Ahead of the Curves

Ahead of the Curves

The Sky SOHO project, still under construction in Shanghai, China, is an office and retail development, the only work in that city by renowned architect Zaha Hadid.

Rendering of an interior of the Sky SOHO complex, image via Zaha Hadid Architects

Rendering of an interior of the Sky SOHO complex, image via Zaha Hadid Architects

The 350m² leasing office for the complex, designed by Raymond Lau, GAP Architects, Beijing, is a fever dream of curves and flows that seems to boil down Hadid’s visual language into a dense concentrate.

Sky SOHO Leasing Ofiice

Sky SOHO Leasing Ofiice

Of particular interest is the Leasing Office furniture, designed specifically for the space, using3-D computer modeling and executed in FRP.  The pieces are made using digital fabrication techniques to mill high-density foam into the large shapes.  In the usual digital fabrication process, the foam would become a mold for the FRP shell, which would then be built up as needed.  In this case, the foam pieces ere simply laminated directly with FRP and became a unique item of furniture.

From the architect:

“Taking into consideration of the dynamic and fluid form of the architecture, the showroom interior and its auxiliary amenities are designed with compatible architectural language which enhances the experience of the formal vistas of the forthcoming buildings.”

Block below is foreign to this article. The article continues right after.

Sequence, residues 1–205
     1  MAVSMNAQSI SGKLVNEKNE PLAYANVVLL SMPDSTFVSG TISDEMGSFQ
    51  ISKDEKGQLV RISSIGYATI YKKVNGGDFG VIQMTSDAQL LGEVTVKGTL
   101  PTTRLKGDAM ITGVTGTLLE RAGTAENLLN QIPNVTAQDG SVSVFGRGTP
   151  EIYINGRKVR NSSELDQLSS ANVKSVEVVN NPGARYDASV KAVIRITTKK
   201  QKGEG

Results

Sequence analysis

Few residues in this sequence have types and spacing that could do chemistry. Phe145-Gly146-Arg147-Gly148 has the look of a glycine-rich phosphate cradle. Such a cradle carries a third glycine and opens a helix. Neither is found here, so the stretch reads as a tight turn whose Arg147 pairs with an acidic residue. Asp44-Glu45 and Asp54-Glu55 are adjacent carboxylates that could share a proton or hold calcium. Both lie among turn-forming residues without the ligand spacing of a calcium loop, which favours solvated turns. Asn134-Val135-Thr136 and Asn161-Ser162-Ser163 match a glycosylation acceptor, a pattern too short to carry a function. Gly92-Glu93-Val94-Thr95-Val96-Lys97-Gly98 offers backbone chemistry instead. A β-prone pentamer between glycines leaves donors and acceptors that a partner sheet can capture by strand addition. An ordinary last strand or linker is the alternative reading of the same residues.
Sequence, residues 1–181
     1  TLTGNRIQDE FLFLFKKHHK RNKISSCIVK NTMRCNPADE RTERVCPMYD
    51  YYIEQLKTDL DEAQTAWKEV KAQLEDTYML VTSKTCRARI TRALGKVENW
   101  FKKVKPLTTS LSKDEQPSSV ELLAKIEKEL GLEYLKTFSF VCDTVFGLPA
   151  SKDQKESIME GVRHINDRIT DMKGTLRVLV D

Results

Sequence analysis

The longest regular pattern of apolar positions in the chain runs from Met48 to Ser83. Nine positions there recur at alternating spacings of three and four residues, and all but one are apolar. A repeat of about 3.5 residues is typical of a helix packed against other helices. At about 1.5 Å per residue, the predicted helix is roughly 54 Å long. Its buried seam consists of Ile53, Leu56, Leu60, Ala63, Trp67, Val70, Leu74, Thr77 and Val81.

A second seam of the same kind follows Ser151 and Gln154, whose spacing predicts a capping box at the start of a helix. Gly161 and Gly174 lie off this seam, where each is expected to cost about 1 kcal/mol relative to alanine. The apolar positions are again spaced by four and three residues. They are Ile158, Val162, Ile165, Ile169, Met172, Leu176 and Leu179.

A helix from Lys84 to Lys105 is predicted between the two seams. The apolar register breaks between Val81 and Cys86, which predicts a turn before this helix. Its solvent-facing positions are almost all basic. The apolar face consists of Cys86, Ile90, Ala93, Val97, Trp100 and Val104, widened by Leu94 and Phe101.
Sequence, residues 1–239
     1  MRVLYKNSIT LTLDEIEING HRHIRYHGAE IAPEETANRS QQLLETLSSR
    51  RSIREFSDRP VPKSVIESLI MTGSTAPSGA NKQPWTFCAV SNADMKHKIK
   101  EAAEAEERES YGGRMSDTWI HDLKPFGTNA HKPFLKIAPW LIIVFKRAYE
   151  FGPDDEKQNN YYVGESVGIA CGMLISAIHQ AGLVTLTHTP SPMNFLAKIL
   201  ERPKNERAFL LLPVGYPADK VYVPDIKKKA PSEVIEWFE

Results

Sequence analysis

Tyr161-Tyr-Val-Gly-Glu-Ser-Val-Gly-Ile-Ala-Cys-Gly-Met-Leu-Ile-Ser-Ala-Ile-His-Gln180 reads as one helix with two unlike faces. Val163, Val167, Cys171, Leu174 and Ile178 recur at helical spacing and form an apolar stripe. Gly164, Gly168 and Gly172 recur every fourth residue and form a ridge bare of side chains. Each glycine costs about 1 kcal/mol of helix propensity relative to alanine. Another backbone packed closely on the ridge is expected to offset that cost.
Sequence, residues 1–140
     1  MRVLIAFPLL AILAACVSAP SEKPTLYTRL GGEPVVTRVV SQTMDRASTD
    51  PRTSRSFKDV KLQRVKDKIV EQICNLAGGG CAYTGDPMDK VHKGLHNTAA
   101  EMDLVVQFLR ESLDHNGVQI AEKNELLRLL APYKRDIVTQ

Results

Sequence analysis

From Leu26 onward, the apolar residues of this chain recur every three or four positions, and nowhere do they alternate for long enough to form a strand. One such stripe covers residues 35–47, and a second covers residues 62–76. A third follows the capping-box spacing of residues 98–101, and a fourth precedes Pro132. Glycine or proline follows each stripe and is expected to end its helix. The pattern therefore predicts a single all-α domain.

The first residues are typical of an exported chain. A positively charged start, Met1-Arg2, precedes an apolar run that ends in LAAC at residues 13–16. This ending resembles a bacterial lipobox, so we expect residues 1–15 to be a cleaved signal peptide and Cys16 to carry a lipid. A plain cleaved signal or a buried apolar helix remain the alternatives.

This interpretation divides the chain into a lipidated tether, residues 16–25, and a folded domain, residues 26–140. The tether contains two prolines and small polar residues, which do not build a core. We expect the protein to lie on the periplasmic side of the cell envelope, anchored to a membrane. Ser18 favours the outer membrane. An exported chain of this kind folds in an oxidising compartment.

“This project composes of three distinct elements: the VIP corridor, showroom interior, and interior furniture. The composition of these elements symphonize into a seamless and integral spatial experience, from exterior to interior, from visual to corporeal. The VIP corridor receives guests from the drop-off zone on the ground level providing a covered walkway towards the main building. Elevated to the second level, the showroom situates next to the elevator lobby accelerating the visitors to a realm of unparallel spatial experience.”

“Leading to the showroom entrance is a parametrically designed VIP corridor applying optimized repetitive structural elements. They overlap and interlock into a formation adaptive to the site conditions. The gaps between each structural element allow views to the outside in addition to the provisions of lighting and ventilation.”

“The showroom interior manifests the energy of skipping stones and dynamic of splashing water. Hence, the directional shapes and propagating curves organize various functional zones into a system of spatial conditions and topological variations, giving the visitors unique and exciting visual and corporeal experiences.”

“Design and engineered with the latest computational technologies, the freeform shapes of the furniture are custom designed to synchronize with the motif of the showroom. They not only satisfy the functionalities with novel formal expressions, they also resonate with the ceiling and carpet pattern to form a united spatial-visual experience.”

“The natural curvatures and forms of the interior surfaces are realized by a combination of 3D design and fabrication methodologies with contemporary material technologies. Due to the complexity of the surface topography, the interior model was integrated into the existing BIM model to ensure build-ability during the design process. The black ceiling shapes are assembled by molded GRG pieces and painted on site. The furniture pieces are manufactured by computer-driven 3D milling of hi-density foam coated with FRP shelling, finalized by glossy paint finishes. Patterns and colors on the carpet are directly weaved according to the digital model.”

Images by Raymond Lau and Jerry Yin, except as noted.